Wednesday, December 19, 2007


EVERYONE deserves a second chance at life. This belief is the ray of hope that ex-convicts Olita Kau, Isireli Bera and Apenisa Jopelesi hold on to as they try to live reformed lives.

Mr Kau, 42, Mr Bera 37 and Mr Jopelesi, 17, hail from Vanuavatu in Lau. Each have been in and out of prison for various reasons.
Mr Kau spent 10 years at the Natabua Prison where he met Mr Bera who spent six years. Young Jopelesi says he spent six months at the Suva prison.
These men are members of the Green Army Ex-prisoners Association which was formed about six months ago to help in the rehabilitation of a group of ex-prisoners in Lautoka.

Already, it has 22 registered members. Mr Kau, who is the association's president, said the forum was formed to help given the difficulty for ex-prisoners to fit into society.

He said the association was formed to use the ex-prisoners skills in handicraft and other related work. This includes wood carvings and the weaving of handbags and other handicraft items. Their handiwork has drawn a lot of positive response from the community, he said.

But the stigma of having been imprisoned is. As such, it was the association's hope to facilitate growth in this area, particularly as most of their members are uneducated.
"Our members have already taken the initiative by trying to establish a group and asking certain members within society to assist them in their ideas," said Mr Kau.
"Putting our craft work pieces together is an expensive exercise. "Just for carving the materials is not cheap and it would cost more than $100 just to purchase the materials. "The timber alone costs around $32 and then there's the vanish and sand paper.

"That's why the end product is sold around $45 just to make up for the costs. "I draw up the designs and the rest of the members put the pieces together. I try my best to pass on whatever knowledge and skills I have to the other members.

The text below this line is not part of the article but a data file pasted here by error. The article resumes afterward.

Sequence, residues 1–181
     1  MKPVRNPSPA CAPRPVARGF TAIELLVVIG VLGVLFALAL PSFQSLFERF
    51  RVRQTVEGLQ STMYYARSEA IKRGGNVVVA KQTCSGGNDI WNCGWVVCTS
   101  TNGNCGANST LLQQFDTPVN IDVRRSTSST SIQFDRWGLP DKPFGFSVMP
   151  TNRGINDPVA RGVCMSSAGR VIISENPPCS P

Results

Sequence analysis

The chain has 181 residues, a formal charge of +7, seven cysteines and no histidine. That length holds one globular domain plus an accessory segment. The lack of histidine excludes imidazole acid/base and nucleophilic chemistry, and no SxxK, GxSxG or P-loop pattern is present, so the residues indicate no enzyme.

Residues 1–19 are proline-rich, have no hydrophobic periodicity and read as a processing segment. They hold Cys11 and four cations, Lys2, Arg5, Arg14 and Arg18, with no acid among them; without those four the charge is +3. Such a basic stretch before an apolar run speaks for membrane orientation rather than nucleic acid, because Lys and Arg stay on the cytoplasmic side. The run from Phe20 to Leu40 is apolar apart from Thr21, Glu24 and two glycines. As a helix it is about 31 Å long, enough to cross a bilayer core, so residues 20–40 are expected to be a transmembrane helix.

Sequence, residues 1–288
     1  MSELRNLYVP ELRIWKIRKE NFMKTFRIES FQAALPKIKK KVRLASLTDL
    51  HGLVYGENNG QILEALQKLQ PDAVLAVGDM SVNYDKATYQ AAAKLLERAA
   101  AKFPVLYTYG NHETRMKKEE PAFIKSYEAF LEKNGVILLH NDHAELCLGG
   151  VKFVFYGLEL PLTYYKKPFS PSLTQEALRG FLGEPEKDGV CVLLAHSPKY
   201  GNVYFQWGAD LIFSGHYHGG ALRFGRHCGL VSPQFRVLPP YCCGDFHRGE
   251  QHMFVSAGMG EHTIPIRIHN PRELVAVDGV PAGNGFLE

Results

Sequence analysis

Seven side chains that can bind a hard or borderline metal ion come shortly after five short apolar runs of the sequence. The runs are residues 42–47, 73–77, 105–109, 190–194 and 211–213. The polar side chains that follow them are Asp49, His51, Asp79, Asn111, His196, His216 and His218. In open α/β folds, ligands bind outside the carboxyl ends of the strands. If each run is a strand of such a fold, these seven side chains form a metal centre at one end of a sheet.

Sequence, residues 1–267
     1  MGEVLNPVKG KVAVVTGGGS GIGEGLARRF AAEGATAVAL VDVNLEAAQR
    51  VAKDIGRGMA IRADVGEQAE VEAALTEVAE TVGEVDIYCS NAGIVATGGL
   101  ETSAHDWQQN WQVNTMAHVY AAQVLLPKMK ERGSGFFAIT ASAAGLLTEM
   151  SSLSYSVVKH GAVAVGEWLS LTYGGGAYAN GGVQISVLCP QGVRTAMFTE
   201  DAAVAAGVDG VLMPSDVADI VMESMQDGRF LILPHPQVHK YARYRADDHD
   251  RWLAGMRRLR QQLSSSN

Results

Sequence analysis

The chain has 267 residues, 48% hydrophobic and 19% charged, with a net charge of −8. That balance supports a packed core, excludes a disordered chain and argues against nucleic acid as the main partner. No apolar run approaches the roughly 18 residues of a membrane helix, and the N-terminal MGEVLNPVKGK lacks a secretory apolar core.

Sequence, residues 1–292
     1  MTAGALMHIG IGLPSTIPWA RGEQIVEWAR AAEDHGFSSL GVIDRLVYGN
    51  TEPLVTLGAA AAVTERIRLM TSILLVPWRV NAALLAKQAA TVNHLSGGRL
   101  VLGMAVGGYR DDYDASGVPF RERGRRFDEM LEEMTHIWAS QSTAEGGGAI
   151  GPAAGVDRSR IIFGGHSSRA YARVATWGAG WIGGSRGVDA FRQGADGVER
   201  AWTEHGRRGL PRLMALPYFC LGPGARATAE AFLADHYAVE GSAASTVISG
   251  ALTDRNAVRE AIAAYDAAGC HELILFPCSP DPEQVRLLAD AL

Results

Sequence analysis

"As for the weaving of baskets, we involve our wives." Mr Bera said their past decisions to take the wrong side of the law was largely influenced by their poverty.
At times there was nothing to eat, he said. He admits it is not an excuse to commit crime but at that time for them, it was a huge influence.

"If the tummy is not well fed one would go out and look for things," he explained.
"This leads to meeting up with other friends and leads on to other things, which usually do not have a good outcome. This is why he is very supportive of the initiative to form an association to help ex-prisoners change their lives for the better.

"When we go into prison we have lost everything," he said. "I have four daughters. Three are in school with the eldest being in class six. "Once we come outside of prison we try and find ways to earn a living to support, not only ourselves, but also our families.

"Some of the skills we have acquired were from when we were inside and now that we are outside we want to try and put it to good use. "But society is not very generous to us as the stigma of being an ex-prisoner still hangs over.

"When we approach business houses or some members in society to seek their assistance in getting our work recognised, they don't understand us or where we are coming from," he said.

Mr Bera said in order for the association to earn a daily living he and many of their members move around on foot to business houses. They had tried selling door to door in residential areas but sales was practically nil. He said sometimes they would travel down to Ba or even go to Suva just to try and sell their handicrafts.

"Its not an easy job but its our way of making up and trying to put food on our tables and ensuring that our families are okay," he said. "I start walking around town from about 8am and I can go right until the afternoon.

"Sometimes if we are lucky once the craft work is completed we come in to town. "There are time though when we are lucky and our items are sold so quickly that we have to go back home and get some more to sell," he said.

Adapted from the